31 Jul

News and Analyses, A Foreign Perspective

English Online International Newspapers

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Relatives and royals mark WWI Passchendaele centenary

© POOL/AFP / by John THYS | Britain’s Prince Charles saluted the “courage and bravery” of soldiers who fought at Passchendaele, one of World War I’s bloodiest battles, as he joined Belgium’s King Philippe in laying floral tributes to mark the 100th anniversary of the what is also known as the third battle of Ypres


Britain’s Prince Charles hailed the “courage and bravery” of soldiers who fought at Passchendaele as he led thousands of their descendants at centenary tributes for one of World War I’s bloodiest battles.

In a solemn ceremony at the huge Tyne Cot cemetery in Belgium, where 11,961 victims of the battle were laid to rest, British and Belgian royals stood side by side to honour those who fell.

Three months of fighting to gain the Flanders village of Passchendaele in horrific muddy conditions claimed around half a million allied and German casualties, for the gain of only a few miles of territory.

“We rememember it not only for the rain that fell, the mud that weighed down the living and swallowed the dead, but also for the courage and bravery of the men who fought here,” a solemn Charles told the ceremony.

“Drawn from many nations, we come together in their resting place… to promise that we will never forget,” the heir to the British throne said, wearing a beige summer suit with a red poppy on his lapel.

Descendants of the combatants also read out solemn tributes to those who died, standing amid the white headstones etched with names from Britain and Commonwealth countries like South Africa, Australia, New Zealand and Canada.

“My great, great uncle and namesake Sergeant William Rhodes, Cheshire Regiment, awarded the distinguished conduct medal, killed in action 31 July 1917, one hundred years ago today,” his descendant said.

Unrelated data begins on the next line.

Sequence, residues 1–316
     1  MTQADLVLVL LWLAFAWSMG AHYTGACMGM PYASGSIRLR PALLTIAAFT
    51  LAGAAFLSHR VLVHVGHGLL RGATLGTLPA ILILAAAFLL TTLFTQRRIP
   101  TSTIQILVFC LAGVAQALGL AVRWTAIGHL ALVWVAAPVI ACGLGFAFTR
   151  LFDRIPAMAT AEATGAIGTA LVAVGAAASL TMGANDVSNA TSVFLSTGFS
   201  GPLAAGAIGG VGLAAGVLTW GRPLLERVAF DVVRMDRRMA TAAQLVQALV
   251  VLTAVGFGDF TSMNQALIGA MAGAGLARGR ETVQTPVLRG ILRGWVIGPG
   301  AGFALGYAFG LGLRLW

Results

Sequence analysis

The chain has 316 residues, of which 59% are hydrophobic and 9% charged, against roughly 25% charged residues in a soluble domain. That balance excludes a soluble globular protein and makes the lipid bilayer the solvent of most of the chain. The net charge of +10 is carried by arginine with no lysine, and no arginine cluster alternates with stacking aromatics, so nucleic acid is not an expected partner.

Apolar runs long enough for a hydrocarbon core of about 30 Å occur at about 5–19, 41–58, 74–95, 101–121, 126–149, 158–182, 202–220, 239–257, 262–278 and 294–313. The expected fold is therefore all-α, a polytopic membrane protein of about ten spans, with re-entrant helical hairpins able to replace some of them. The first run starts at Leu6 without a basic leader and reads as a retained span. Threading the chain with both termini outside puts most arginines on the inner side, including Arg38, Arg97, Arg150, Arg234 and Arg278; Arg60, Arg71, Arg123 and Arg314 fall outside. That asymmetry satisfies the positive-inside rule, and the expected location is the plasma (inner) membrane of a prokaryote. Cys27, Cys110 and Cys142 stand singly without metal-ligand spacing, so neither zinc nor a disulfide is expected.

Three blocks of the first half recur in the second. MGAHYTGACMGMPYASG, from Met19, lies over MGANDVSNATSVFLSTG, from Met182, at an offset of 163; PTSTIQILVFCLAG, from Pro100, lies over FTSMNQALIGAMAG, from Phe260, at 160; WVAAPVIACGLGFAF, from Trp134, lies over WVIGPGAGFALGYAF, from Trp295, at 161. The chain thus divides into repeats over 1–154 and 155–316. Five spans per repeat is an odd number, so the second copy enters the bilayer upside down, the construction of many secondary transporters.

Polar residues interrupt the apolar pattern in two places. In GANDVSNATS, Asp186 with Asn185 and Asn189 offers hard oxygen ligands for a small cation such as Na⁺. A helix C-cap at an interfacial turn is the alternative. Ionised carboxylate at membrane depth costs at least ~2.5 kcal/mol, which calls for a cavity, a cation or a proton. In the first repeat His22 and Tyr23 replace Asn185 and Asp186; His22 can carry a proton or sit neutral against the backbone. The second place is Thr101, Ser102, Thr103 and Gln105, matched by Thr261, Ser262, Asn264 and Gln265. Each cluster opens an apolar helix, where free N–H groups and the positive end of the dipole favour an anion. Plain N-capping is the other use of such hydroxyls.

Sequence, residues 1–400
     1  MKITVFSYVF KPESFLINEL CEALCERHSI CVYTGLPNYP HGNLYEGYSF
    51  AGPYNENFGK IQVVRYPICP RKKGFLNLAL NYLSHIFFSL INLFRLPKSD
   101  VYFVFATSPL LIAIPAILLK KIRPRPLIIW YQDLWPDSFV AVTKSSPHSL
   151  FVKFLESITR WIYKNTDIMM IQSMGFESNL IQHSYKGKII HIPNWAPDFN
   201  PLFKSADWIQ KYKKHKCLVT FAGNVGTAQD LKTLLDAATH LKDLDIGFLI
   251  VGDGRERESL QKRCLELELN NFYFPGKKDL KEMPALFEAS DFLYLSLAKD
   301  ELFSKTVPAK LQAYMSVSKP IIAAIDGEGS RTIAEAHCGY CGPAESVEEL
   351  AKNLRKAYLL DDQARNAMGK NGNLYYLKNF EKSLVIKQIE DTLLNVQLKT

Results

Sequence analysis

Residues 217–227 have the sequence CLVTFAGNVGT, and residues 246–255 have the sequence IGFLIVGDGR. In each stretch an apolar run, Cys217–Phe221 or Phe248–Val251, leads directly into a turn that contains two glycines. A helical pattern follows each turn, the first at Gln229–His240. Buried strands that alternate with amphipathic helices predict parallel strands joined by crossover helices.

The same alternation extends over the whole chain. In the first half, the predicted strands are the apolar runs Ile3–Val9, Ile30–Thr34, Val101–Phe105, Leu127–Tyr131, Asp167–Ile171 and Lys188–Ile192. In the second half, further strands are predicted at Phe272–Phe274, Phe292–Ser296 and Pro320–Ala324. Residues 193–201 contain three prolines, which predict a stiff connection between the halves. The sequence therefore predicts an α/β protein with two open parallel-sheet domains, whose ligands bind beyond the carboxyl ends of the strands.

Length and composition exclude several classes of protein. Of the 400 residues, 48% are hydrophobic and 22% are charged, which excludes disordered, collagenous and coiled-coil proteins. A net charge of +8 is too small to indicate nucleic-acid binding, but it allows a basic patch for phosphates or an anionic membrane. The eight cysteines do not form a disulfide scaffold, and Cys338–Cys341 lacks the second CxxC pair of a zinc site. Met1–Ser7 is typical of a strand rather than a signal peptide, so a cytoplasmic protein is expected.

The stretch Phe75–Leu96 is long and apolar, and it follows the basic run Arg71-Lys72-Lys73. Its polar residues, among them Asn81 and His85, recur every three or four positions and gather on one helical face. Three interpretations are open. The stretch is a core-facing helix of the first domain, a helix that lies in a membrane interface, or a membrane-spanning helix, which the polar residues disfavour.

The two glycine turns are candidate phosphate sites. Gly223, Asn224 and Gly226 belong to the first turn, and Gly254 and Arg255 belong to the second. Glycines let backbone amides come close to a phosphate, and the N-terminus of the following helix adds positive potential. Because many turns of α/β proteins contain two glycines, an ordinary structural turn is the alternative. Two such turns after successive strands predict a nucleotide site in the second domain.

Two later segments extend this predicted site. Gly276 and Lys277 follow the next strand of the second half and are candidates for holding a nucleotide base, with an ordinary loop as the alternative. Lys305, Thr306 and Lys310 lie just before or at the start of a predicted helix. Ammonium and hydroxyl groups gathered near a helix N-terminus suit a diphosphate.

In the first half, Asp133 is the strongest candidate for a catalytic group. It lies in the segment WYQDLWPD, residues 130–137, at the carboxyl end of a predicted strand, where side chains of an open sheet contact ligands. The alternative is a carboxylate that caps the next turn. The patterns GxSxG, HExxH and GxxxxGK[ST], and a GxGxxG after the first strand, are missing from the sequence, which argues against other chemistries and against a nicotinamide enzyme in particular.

– Kate lays wreath –

Charles’s son Prince William gave a short reading, while William’s wife Kate and Belgium’s Queen Mathilde laid flowers on German graves in a symbol of reconciliation.

Between hymns from a Welsh choir and brass bands of red uniformed royal guards wearing tall bearskin hats, British Prime Minister Theresa May — breaking off her three-week summer holiday — read a passage from the Bible honouring the dead.

The hour-long ceremony concluded when four Belgian Air Force F-16 jets roared over the cemetary.

The blue skies and fluffy white clouds drifting over green Flanders fields for Monday’s ceremony stood in stark contrast to the reality of Passchendaele 100 years ago, when heavy rains turned the battlefield into a quagmire.

Sometimes known as the third battle of Ypres, Passchendaele has become synonymous with the bloody trench war stalemate that World War I became.

The battle officially began at 3:50 a.m. on July 31, 1917 with the aim of driving the Germans from the Belgian ports on the English Channel, where German U-boats lurked.

But in the end, the Commonwealth troops advanced only five miles (eight kilometres), albeit weakening German defences.

The commemorations began Sunday evening when Prince William and King Philippe of Belgium laid wreathes at the Menin Gate, the monument which honours the dead of the armies of the British empire.


World Politics

United States

Organizer says unlike 1917 march against Woodrow Wilson’s civil rights failures, this had no demands but adds: ‘I don’t know that we’re in such a different space’

Silent Protest Art March, Bryant Park, New York

In protest at the policies of the Trump administration and threats to various communities in America, artists, activists and community members participated in the solidarity march to bring attention to the marginalized. Photograph: Zuma Wire/Rex/Shutterstock

On a July day in 1917, in the face of a presidential administration seen as taking regressive steps on civil rights, nearly 10,000 black Americans walked down Fifth Avenue in New York. Wearing uniform clothing and carrying signs, demanding federal action over the lynchings of black men, they marched in total silence.

A century later, also clad in white, a much smaller group assembled outside Bryant Park on Friday. They were there to commemorate the occasion in a world, attendees said, that did not feel altogether changed.

“It just seems like we’ve gone in a circle,” said Sacha Dent, an educator from the city. “And it’s the same thing with not just things that are like lynchings and close to lynchings but just the hate … everywhere.”

The attendees held portraits of well-known victims of police and vigilante violence – Philando Castile, Trayvon Martin, Tamir Rice – and of people who lost their lives after traumatic encounters with the criminal justice system, such as Sandra Bland and Kalief Browder.

“I called around and I realized that no one was marking the moment,” said the march organizer, Marsha Reid, “and that seemed astonishing and a little sad to me considering the relevance of the current moment … So I did it.”